Educational retraining counseling is generally regarded as an important component of TRT. The counseling in TRT is intended to explain the mechanisms underlying the tinnitus, based on the Jastreboff neurophysiological model, and to remove negative associations with the tinnitus. This is regarded as important for allowing habituation to the tinnitus to occur [2]. The counseling used in Ealing PCT Audiology Department was also intended to reduce negative associations with the tinnitus, but was shorter in duration and simplified. The simplified counseling did not include any teaching about the interactions of various systems of the brain, there was no explanation of the Jastreboff neurophysiological model, and the duration of the initial counseling was only 30 minutes. The sound therapy used with simplified TRT for each patient category was essentially the same as for TRT, except that WSGs were not recommended to patients who exhibited tinnitus with no hearing loss and no DST. However, WSGs were fitted to the patients who showed particular interest in making use of such devices.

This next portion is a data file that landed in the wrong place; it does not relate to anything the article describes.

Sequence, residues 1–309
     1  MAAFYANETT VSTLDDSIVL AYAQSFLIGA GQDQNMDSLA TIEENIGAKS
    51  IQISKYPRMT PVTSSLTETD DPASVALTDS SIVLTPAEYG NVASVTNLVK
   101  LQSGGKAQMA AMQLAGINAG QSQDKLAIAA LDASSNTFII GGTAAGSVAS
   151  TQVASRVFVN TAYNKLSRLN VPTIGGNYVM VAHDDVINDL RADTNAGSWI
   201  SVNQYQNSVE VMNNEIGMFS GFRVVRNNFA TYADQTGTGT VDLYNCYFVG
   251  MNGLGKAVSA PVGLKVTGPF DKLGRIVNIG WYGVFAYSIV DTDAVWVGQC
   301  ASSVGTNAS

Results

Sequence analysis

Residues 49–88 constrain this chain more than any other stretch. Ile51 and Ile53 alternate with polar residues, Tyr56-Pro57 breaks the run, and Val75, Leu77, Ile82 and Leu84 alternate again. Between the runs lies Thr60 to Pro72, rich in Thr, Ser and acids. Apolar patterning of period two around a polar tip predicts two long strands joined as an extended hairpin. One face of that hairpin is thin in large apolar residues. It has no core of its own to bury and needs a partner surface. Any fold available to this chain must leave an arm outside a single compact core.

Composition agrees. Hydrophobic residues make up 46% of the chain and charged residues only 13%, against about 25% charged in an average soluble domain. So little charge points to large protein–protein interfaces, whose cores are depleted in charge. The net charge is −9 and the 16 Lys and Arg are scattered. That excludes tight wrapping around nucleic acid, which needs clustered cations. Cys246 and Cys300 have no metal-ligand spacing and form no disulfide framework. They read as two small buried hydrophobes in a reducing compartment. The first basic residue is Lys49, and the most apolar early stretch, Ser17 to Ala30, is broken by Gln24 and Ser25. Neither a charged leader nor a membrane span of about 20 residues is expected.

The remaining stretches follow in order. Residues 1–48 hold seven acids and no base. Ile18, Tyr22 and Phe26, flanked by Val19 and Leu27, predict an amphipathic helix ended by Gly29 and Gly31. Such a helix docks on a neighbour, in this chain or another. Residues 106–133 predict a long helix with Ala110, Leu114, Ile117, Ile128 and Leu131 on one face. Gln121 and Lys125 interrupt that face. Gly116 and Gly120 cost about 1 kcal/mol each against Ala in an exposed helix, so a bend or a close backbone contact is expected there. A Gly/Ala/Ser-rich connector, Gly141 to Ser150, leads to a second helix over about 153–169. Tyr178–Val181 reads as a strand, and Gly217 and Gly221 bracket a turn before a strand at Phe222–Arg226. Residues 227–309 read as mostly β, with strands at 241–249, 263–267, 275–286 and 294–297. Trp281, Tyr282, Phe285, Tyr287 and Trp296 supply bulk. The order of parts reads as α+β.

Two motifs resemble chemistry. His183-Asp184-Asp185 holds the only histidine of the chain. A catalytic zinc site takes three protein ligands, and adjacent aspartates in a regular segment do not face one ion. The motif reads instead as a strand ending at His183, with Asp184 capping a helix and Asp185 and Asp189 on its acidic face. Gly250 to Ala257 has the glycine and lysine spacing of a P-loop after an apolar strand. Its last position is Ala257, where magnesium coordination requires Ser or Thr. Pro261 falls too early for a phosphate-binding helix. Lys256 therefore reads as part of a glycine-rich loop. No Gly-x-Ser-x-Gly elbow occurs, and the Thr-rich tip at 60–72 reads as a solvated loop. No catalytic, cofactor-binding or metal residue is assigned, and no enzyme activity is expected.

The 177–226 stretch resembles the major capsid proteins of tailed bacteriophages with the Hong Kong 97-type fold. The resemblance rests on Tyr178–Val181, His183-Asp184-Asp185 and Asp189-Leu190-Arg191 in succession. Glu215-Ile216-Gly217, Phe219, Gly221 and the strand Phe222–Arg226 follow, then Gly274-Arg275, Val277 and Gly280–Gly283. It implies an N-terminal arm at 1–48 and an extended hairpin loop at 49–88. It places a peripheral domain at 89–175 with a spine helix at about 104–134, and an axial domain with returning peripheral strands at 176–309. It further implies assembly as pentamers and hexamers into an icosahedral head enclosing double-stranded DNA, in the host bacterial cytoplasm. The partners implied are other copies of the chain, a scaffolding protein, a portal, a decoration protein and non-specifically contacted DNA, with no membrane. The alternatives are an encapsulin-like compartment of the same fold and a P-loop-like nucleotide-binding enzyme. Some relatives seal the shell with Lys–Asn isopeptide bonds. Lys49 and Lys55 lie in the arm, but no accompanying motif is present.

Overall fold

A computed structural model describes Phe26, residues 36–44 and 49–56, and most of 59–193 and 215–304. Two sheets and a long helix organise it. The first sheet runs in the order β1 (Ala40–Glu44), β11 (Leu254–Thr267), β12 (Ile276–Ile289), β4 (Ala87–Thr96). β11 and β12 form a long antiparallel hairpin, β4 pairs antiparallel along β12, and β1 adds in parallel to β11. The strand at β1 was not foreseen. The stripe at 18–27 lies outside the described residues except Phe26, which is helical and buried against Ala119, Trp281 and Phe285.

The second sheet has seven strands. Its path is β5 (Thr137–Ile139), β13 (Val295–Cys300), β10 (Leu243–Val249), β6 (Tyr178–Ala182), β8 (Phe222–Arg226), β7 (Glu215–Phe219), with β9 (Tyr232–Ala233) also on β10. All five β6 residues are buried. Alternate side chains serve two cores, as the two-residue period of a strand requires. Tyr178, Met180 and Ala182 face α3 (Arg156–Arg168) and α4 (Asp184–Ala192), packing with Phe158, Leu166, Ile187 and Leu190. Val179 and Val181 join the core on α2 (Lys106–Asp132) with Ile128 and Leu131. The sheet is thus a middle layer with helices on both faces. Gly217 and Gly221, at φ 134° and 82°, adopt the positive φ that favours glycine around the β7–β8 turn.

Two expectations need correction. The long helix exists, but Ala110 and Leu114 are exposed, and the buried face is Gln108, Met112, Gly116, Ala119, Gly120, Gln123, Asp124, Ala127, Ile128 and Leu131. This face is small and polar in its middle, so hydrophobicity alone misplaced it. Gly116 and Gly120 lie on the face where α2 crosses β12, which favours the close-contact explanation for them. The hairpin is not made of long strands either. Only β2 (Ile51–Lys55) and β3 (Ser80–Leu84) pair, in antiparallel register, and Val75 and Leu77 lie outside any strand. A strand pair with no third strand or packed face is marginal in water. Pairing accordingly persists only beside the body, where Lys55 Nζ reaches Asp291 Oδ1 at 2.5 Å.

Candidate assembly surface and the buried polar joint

TRT is an established method of treating tinnitus patients and typically results in a decline (improvement) in THI scores of 25 to 35 points after 12–24 months of treatment [12,13]. Studies on the psychometric adequacy of the THI questionnaire suggest that a decline in THI score of 20 points or more can be considered as a statistically significant improvement in perceived tinnitus handicap [14]. Our results revealed that the THI score declined by approximately 45 points (SD = 22) after 3–24 months of simplified TRT. The cause of the greater mean effect in our study in comparison with earlier studies of TRT is not clear. It might reflect individual differences in the patients, differences in the way that patients were selected for inclusion in the studies, or individual differences in the clinicians' personality and attitude [15]. In any case, our results indicate that simplified TRT can produce benefits comparable to those produced by TRT.